Tehran — Iran said Tuesday it will execute an Iranian for spying for the United States and Israel after his conviction was upheld for helping the U.S. locate a top Iranian general. Mahmoud Mousavi Majd was convicted of spying on Iran's armed forces, "especially the Quds Force and on the whereabouts and movements of martyr ", judiciary spokesman Gholamhossein Esmaili said in a news conference.
Majd had been found guilty of receiving large sums of money from both the U.S. Central Intelligence Agency and Israel's Mossad, Esmaili said.
His sentence was upheld by Iran's supreme court and would be "carried out soon," the spokesman added.
Soleimani headed the Quds Force, the foreign operations arm of Iran's Revolutionary Guards, and was killed in January in a U.S. drone strike near Baghdad airport.
Iran retaliated byat U.S. troops stationed in Iraq, but President Donald Trump opted against responding militarily.
While the attack on the western Iraqi base of Ain Al-Asad left no U.S. soldiers dead,.
Majd "will face the consequences of his actions and his masters will also witness the determination, might and intelligence reach of the Islamic republic," Esmaili said.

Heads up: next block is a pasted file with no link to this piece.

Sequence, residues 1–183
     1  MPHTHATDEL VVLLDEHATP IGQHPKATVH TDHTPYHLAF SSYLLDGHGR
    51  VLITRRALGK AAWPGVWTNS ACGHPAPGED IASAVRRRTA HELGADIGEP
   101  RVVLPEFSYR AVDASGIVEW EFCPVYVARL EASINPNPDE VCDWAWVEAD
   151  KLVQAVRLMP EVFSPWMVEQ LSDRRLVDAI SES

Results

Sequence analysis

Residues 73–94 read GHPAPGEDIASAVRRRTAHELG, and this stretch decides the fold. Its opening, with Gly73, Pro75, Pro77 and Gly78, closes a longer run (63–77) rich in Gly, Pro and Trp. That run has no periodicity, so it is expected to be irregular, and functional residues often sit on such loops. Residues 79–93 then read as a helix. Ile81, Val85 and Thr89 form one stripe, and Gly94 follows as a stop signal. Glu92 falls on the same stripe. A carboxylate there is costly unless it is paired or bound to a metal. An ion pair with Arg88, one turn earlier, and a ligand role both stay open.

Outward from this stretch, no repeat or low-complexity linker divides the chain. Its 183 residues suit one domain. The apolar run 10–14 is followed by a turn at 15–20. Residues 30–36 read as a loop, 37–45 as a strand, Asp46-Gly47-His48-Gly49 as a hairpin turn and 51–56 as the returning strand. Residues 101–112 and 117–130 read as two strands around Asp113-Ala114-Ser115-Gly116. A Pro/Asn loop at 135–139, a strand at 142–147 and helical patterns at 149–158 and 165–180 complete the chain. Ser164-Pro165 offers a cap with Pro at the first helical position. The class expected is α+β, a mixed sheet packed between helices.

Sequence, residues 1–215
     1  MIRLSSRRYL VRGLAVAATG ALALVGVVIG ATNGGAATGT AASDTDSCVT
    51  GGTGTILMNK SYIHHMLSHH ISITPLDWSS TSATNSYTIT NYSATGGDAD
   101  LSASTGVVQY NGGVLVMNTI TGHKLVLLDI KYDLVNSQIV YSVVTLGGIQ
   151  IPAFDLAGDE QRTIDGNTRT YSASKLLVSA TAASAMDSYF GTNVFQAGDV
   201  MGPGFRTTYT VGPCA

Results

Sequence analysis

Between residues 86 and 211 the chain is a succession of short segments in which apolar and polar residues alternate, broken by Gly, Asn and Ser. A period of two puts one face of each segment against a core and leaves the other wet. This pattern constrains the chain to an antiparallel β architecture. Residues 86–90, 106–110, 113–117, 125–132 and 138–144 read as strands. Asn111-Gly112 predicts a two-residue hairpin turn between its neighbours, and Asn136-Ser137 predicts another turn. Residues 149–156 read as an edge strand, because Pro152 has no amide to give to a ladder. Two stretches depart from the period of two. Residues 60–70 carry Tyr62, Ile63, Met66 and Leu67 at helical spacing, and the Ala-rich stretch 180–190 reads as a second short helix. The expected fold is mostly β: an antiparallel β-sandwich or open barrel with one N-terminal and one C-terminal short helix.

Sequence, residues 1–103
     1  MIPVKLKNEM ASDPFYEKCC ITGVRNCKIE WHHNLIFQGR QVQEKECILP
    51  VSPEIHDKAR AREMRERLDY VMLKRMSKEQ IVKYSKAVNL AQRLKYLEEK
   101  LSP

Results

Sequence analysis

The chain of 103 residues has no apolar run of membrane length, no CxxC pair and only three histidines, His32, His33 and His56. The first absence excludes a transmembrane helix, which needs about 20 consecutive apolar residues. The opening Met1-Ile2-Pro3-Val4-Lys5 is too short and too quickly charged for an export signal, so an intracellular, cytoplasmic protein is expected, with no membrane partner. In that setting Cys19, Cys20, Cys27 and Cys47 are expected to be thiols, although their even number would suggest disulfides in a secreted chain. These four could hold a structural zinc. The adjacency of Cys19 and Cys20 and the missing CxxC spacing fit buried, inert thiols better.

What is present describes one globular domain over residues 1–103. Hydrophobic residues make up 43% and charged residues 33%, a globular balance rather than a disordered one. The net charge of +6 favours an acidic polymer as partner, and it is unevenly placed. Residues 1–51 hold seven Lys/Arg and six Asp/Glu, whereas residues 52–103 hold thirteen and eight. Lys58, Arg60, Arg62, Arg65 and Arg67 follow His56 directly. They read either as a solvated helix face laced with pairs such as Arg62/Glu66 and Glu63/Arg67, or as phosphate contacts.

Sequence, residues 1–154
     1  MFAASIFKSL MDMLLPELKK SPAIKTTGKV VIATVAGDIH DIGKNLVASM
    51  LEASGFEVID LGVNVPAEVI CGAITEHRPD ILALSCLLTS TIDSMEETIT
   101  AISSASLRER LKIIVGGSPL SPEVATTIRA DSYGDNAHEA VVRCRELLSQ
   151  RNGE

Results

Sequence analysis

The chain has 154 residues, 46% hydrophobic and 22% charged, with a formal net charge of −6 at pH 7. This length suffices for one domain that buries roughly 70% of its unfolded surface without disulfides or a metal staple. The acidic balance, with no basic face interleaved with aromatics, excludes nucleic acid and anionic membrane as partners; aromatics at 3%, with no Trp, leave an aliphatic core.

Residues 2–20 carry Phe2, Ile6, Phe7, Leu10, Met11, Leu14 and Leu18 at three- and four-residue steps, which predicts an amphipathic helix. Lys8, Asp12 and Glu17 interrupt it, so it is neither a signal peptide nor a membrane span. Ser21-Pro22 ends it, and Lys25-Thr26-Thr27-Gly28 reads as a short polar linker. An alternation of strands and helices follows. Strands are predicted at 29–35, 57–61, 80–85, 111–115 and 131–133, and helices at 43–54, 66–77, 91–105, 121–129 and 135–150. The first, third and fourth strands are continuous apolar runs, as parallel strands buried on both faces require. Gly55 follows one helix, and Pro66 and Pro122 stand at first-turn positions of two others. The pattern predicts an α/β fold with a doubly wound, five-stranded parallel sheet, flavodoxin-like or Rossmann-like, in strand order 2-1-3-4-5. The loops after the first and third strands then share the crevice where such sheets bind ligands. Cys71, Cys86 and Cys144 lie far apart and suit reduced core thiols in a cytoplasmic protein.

Iran in February handed down a similar sentence for Amir Rahimpour, another man convicted of spying for the U.S. and conspiring to sell information on Iran's nuclear program.
Tehran announced in December it had arrested eight people "linked to the CIA" and involved inthat erupted the previous month over a surprise petrol price hike.
It also said in July 2019 that it had dismantled a CIA spy ring, arresting 17 suspects between March 2018 and March 2019, and sentencing some of them to death.
Mr. Trump at the time dismissed the claim as "totally false".
in recent years as Mr. Trump has pursued a campaign of "maximum pressure" against America's sworn enemy.
Since unilaterally withdrawing the U.S. from a key nuclear deal with Tehran in May 2018, Mr. Trump has hit it with sweeping sanctions.
The two sides have appeared to come to the brink of a direct conflict multiple times in the past two years.
Yet despite the tensions and having no formal diplomatic relations since 1980, Tehran and Washington have engaged in several prisoner swaps.
The latest was on Monday when Iranian scientist Majid Taherias Iran , who had been detained in the country since his arrest in July 2018.
Taheri, an Iranian-American who had been working at a clinic in Tampa, Florida, had been held in the U.S. for 16 months for violating U.S. sanctions by sending a technical item to Iran.
Tehran had also exchanged Washington Post reporter Jason Rezaian in January 2016 for seven Iranians held in the U.S., on the day the nuclear agreement entered into force.
In December, Iran freed Xiyue Wang, a U.S. academic, in exchange for scientist Massoud Soleimani.
Americans and dual nationals currently known to be held by Iran include Siamak Namazi, his father Baquer and Morad Tahbaz.
Two others — Gholam Reza Shahini and Karan Vafadari — have reportedly been released on bail.
Most of the Iranians held in the U.S. are dual nationals charged with evading sanctions by either exporting goods to Iran or using the U.S. financial system.
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